The preceding developments render irrelevant S. 1956, U.S. legislation signed today authorizing the U.S. Secretary of Transportation to prohibit U.S. airlines from taking part in the European emissions program.  If the Secretary of Transportation were to implement the prohibition outlined in the bill, it would require unlawful behavior on the part of U.S. airlines and would risk igniting a trade war with the European Union. However, the bill also puts the U.S. government on record supporting efforts to secure an international approach to reduce aviation’s global warming pollution.

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Doha climate talks could see measured progress toward new global agreement

International climate negotiations have begun in Doha, Qatar, where countries can make progress toward a new global agreement, climate finance and reducing deforestation emissions, among other technical issues. Photo credit: Flickr user UNclimatechange

The largest international climate negotiations of the year kicked off Monday in Doha, Qatar, drawing delegates from more than 190 countries in a grand effort to create a global treaty to reduce greenhouse gas emissions and halt climate change.

Worldwide attention is particularly focused on climate after a number of respected and typically conservative global institutions — including The World Bank, United Nations Environment Program, International Energy AgencyPwC – in reports released in the weeks leading up to Doha painted grim pictures of the risks of extreme climate change.

These talks in Doha could see measured progress toward a new global agreement in some areas — or, as The New York Times put it, "the agenda for the two-week Doha convention includes an array of highly technical matters but nothing that is likely to bring the process to a screaming halt."

Environmental Defense Fund anticipates three issue areas could see important progress in Doha:

1) Negotiating tracks

The countries now meeting in Doha are scheduled to finalize a second round of commitments under the Kyoto Protocol, the international agreement to cut greenhouse gases, and wrap up the Long-term Cooperative Action (LCA) negotiating track, which was launched in Bali in 2007 and led many countries to make voluntary emission reduction pledges but fell short of a comprehensive binding agreement.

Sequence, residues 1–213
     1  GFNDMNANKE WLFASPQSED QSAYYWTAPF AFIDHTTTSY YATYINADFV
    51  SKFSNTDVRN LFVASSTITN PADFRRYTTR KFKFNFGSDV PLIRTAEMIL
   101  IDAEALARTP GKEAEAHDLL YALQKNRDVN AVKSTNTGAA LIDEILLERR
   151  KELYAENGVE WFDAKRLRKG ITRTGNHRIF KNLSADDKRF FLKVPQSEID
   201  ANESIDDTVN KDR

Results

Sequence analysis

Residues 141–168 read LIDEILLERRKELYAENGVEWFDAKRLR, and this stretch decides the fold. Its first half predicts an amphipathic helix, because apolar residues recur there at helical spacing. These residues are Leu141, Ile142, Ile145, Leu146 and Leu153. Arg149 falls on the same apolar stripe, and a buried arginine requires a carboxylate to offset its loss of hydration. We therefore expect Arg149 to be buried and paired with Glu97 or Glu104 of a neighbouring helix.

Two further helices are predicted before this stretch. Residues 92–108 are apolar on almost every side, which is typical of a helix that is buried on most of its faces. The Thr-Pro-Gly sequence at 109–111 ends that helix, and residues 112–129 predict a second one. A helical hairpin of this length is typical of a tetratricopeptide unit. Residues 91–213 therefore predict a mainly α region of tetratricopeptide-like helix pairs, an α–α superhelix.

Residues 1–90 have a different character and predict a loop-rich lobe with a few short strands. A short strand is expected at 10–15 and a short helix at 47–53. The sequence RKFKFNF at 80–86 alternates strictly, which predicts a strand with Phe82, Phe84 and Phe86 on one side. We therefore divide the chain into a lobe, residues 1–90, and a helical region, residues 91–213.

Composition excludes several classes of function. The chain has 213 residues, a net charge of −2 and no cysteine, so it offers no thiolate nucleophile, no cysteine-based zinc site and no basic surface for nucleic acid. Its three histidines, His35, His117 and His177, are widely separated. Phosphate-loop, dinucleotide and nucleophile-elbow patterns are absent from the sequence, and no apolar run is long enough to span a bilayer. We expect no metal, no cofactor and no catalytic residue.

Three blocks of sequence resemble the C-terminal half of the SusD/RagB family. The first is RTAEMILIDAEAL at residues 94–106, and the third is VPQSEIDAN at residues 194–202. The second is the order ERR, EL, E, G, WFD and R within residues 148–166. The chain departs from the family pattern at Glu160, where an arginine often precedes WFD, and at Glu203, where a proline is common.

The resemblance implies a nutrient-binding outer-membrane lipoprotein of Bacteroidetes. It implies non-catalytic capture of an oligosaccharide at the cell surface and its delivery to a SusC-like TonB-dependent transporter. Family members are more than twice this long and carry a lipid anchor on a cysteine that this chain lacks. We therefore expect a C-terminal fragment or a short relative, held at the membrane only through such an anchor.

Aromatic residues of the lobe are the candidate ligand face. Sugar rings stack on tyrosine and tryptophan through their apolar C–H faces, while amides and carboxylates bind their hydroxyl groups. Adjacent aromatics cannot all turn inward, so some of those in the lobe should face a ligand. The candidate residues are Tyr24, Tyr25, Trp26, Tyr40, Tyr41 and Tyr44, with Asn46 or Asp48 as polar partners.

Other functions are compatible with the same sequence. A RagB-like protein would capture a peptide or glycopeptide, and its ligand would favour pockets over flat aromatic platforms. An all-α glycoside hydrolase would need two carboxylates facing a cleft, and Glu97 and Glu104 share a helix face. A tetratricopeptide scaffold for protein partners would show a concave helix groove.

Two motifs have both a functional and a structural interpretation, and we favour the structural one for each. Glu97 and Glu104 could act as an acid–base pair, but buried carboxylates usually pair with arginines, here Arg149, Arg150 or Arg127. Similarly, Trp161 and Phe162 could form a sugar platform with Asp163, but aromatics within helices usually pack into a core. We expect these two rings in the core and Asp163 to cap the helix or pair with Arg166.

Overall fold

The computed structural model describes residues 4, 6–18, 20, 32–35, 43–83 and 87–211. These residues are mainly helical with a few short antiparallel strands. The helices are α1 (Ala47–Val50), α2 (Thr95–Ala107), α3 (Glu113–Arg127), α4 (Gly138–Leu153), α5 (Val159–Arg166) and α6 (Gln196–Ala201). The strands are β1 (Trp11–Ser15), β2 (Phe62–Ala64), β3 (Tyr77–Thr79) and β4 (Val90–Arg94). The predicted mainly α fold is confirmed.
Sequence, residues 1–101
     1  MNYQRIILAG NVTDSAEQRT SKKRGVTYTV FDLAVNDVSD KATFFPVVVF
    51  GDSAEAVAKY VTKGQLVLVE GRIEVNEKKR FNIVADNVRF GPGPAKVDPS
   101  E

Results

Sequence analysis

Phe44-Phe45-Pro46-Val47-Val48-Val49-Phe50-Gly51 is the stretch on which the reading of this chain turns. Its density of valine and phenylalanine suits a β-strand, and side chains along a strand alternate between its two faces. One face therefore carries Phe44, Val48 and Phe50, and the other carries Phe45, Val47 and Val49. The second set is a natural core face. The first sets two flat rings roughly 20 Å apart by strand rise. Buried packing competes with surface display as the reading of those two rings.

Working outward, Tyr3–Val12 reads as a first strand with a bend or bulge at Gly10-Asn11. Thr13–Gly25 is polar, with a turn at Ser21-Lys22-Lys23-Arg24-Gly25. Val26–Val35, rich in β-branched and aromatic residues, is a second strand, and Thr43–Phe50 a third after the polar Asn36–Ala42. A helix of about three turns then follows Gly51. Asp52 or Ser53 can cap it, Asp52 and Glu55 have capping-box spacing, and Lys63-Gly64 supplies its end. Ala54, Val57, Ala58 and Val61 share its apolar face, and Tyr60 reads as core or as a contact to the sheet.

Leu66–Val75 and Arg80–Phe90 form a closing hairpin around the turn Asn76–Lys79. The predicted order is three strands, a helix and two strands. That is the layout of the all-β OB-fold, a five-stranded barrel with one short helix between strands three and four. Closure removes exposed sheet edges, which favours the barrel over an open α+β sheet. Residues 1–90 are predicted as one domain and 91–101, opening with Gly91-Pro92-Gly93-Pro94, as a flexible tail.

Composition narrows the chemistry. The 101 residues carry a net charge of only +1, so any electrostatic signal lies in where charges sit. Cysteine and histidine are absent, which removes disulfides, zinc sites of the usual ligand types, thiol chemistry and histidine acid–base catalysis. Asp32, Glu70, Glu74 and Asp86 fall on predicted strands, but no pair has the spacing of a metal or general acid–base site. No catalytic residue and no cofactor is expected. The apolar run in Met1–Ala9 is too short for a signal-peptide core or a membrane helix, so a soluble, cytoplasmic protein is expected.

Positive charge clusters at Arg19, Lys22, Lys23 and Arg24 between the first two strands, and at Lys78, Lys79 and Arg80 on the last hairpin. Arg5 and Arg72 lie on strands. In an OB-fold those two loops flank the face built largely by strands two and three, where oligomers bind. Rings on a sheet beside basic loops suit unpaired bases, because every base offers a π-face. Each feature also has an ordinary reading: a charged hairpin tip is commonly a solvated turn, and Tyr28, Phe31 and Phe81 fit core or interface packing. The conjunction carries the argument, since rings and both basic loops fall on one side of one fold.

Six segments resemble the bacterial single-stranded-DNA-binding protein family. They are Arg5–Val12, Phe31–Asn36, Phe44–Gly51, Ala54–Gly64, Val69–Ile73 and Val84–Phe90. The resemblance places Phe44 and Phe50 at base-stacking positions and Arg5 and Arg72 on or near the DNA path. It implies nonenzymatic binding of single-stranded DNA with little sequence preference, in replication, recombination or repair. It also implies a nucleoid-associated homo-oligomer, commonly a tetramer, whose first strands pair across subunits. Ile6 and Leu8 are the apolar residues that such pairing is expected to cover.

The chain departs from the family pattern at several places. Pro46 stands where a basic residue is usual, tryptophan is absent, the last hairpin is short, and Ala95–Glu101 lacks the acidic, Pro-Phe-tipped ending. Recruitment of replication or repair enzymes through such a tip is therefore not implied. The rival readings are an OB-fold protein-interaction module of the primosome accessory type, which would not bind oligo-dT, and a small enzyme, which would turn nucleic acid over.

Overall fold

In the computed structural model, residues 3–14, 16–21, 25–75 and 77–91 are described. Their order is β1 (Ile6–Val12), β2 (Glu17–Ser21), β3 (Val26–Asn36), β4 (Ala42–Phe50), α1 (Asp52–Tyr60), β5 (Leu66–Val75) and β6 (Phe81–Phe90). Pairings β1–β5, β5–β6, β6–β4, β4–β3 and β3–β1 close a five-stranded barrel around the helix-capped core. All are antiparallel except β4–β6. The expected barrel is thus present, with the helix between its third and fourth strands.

Doha will also set the course for the “Durban Platform for Enhanced Action” track, whose goal is a new climate deal for all countries to be agreed to by 2015 and to take effect from 2020.

International Climate Program Director Jennifer Haverkamp said in EDF's opening statement:

Countries can make real progress in Doha by agreeing to the Kyoto Protocol’s second commitment period with minimal fuss and delay, and concluding the Long-term Cooperative Action track, so they can turn their full attention to bringing lessons learned and key policy tools from those agreements forward into the new negotiations.

Even the U.S. founding fathers didn’t get the Constitution right the first time – remember the Articles of Confederation? Countries, in constructing this new agreement, have a chance to incorporate the key elements of these tracks: Kyoto’s binding structure and accountability, and the LCA’s broadened participation among countries and new tools to fight climate change.

2) Climate finance